As part of its programme of innovation and continuous improvement, water treatment specialists Marsh Industries has constantly sought to build partnerships with experts and academics to share knowledge, best practice and achieve product excellence.
Marsh Industries has been built on partnerships and collaboration right from the get go when founder and MD Steve Boyer was looking at ways to improve tank quality. “I could never understand why manufacturing with fibreglass in the marine and automotive industry looked sleek whereas in the building sector it could sometimes look less polished,” he says. To that end Marsh worked with an international boat builder based in Northamptonshire and, with their active involvement, adopted some of the techniques they use. For example, using auto spray guns that mix the glass, resin and catalyst solution which results in both consistency of the mixture and very little wastage.
Once that technique had been perfected, Marsh began to collaborate with Loughborough University’s Engineering Department to develop a bespoke design and quotation programme, Gaia Sege© that allows contractors and specifiers to design a system quickly that will not only suit all of their specification and performance requirements, but will also comply with all relevant industry, environmental and legal requirements. “Specifying an off-mains system may not be something that many contractors have to do every day, and designing an efficient and compliant system is a complex business,” says Steve. “This unique system makes the process much simpler. Users can go through a simple click and select process and we will produce a bespoke, professional design and quotation back with all the information you need for a straightforward and cost-effective project.”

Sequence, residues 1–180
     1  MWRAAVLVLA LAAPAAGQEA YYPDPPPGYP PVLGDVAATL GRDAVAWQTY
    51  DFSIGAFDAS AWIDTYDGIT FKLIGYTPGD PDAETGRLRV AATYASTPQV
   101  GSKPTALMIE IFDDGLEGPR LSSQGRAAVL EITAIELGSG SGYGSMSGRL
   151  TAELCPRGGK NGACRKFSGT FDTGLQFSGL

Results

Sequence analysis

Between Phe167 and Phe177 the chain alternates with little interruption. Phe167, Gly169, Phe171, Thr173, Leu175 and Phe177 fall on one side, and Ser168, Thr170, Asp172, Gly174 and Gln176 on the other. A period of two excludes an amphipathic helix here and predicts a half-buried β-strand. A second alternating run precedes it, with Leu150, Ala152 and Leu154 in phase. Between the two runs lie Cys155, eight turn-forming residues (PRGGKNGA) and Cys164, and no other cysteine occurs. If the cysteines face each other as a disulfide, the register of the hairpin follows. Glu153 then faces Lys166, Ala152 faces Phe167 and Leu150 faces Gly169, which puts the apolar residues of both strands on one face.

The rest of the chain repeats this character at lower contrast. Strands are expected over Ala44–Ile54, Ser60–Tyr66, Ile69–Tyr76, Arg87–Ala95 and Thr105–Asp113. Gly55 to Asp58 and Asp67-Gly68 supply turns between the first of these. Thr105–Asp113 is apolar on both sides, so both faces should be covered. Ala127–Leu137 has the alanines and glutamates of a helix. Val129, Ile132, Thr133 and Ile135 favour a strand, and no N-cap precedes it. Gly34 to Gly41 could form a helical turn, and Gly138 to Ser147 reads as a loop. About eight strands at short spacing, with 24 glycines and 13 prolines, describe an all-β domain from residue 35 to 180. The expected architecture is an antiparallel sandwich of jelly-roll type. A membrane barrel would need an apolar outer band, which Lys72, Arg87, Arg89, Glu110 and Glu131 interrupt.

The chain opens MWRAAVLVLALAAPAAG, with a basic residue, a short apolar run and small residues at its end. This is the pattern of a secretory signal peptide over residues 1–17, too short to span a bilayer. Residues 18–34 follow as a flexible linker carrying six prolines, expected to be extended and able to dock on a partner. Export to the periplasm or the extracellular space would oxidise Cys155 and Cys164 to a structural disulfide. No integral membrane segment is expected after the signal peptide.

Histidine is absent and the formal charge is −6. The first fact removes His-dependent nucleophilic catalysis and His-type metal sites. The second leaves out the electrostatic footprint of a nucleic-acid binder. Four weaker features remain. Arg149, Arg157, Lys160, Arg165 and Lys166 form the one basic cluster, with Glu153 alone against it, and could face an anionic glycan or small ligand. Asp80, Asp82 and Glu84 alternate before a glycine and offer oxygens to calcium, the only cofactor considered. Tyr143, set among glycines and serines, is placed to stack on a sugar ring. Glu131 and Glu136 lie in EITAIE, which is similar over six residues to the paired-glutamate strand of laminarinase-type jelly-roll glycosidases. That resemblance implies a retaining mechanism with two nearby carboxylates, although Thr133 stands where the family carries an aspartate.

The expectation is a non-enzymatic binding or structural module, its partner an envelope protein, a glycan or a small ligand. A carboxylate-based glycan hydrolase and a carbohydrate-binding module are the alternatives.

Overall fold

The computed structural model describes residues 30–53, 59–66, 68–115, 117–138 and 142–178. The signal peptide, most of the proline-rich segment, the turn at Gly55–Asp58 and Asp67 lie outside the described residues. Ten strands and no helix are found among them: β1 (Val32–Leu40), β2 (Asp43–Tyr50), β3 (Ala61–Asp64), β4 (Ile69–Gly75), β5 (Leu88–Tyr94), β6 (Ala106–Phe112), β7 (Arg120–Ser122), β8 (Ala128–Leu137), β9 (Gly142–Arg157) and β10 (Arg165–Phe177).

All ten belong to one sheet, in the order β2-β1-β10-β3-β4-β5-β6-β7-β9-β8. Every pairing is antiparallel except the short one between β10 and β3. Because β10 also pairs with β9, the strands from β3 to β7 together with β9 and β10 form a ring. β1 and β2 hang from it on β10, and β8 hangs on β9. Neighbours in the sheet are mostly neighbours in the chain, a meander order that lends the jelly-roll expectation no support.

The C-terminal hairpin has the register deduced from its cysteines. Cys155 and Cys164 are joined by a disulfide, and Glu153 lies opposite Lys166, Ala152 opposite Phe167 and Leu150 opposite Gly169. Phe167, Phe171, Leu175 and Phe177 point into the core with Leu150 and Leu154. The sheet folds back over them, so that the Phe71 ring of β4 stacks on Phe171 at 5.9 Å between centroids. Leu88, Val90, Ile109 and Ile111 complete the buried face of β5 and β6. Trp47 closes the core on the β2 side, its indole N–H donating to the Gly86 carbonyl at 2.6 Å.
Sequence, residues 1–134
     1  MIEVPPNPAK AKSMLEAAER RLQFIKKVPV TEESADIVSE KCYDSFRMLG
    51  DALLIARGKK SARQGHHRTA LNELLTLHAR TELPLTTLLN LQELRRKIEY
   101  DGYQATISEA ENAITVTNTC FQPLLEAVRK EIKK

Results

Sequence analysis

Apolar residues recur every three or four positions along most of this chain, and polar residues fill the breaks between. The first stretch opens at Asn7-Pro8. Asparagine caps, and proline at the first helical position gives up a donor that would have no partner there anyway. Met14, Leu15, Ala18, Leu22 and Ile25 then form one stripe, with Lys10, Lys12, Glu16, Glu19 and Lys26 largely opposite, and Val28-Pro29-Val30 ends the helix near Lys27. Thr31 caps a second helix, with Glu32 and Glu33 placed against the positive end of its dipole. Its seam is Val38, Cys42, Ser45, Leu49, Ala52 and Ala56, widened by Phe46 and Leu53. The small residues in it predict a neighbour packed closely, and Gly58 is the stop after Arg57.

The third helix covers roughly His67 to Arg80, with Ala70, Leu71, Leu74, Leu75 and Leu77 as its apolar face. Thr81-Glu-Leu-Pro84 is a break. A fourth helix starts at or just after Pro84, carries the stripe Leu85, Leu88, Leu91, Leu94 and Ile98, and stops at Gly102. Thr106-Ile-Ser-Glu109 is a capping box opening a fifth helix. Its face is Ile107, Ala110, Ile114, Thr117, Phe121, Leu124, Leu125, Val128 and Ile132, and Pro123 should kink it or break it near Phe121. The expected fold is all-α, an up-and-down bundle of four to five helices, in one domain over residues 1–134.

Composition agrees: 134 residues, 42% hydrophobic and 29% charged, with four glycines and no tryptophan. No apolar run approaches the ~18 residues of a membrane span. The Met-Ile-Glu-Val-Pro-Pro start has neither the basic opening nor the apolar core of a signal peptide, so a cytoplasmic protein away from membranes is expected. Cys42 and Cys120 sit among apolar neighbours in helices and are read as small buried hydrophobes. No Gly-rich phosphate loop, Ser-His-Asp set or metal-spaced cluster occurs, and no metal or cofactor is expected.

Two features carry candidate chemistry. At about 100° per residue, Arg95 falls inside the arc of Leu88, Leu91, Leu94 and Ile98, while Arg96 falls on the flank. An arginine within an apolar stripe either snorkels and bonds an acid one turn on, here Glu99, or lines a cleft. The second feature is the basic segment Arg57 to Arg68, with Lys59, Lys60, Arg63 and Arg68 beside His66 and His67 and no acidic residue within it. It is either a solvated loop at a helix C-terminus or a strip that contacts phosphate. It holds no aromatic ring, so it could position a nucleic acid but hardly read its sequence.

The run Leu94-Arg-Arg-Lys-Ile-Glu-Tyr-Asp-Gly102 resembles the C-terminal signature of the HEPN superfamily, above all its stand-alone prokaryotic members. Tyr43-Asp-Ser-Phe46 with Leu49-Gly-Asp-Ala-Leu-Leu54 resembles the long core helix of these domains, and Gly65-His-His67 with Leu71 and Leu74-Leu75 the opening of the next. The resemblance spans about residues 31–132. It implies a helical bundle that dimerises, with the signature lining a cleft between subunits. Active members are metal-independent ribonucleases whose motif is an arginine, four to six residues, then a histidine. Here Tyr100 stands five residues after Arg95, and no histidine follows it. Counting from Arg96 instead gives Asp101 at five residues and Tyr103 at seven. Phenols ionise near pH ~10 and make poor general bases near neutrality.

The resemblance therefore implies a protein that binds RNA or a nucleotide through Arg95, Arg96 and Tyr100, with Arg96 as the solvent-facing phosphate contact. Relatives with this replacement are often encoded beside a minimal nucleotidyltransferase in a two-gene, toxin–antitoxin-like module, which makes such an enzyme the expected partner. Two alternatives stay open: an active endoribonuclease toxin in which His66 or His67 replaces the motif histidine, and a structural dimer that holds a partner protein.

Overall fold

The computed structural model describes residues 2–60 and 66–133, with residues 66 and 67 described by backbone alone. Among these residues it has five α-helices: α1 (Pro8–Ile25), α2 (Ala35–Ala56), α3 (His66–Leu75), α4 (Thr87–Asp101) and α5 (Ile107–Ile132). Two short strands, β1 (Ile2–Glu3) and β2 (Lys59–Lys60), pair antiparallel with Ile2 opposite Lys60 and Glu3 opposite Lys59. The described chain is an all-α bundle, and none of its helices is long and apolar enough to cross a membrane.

Using key process parameters Gaia Sege will design an accurate system that optimises processing capacity in an efficient and cost-effective way. Marsh Industries, specialists in off-mains drainage supply, estimates that this processing optimisation can reduce installation costs by as much as 25%, with additional health and safety benefits for installers. The system is perfect for designing off-mains schemes in residential, industrial, education, leisure, amenity and health settings.
A simple linear click and select process guides users through the procedure and the result is a professional presented design, spec and quotation document which includes loadings, drawings, certification and specific design features for the site.
As well as designing exceptionally cost effective and safe off-mains schemes, Marsh’s Gaia Sege systems will comply with the regulatory bodies’ exacting final effluent standards, even for SSSI sites. It uses industry standard data to calculate initial loadings and flows, and peak flows for ammonia, plus total suspended solids (TSS) & biological oxygen demand (BOD) levels. Once the system parameters have been input, Gaia Sege allows users to select the final performance needed on site to reduce tankering and long-term running costs.
The link with Loughborough University remains strong to this day. The two organisations worked together to reassess the currently prescribed testing methods for grease traps and devised a unique test rig and analysis at the University’s centre of excellence.
Marsh’s Grease Management System (GMS) range of grease traps is designed to prevent fats, oil and grease (FOG) build up and, after completing trials, Marsh launched a new range of grease traps which are the only products of their type that have been successfully tested using materials that match the FOG used in the food industry. This pioneering design of grease traps enabled them to win some of the UK’s largest contracts such as supplying Heathrow airport where the brief was to cater for 20,000 meals per day.
Quality and safety standards lie at the heart of the Marsh ethos. All Marsh sewage treatment plants are certified to the standard EN12566-3 which ensures that final effluent is treated to at least as standard of 20:30:20 and Marsh has the UK rights for the Polylok Filter, a tertiary treatment filter that further reduces the suspended solids by a further 40%. This is especially desirable in areas of SSSI or for instance sometimes in Scotland where the final effluent has to be treated lower than the standard 20:30:20, due to the surrounding landscapes. By using a Polylok filter in the final zone of the treatment plant this can be achieved.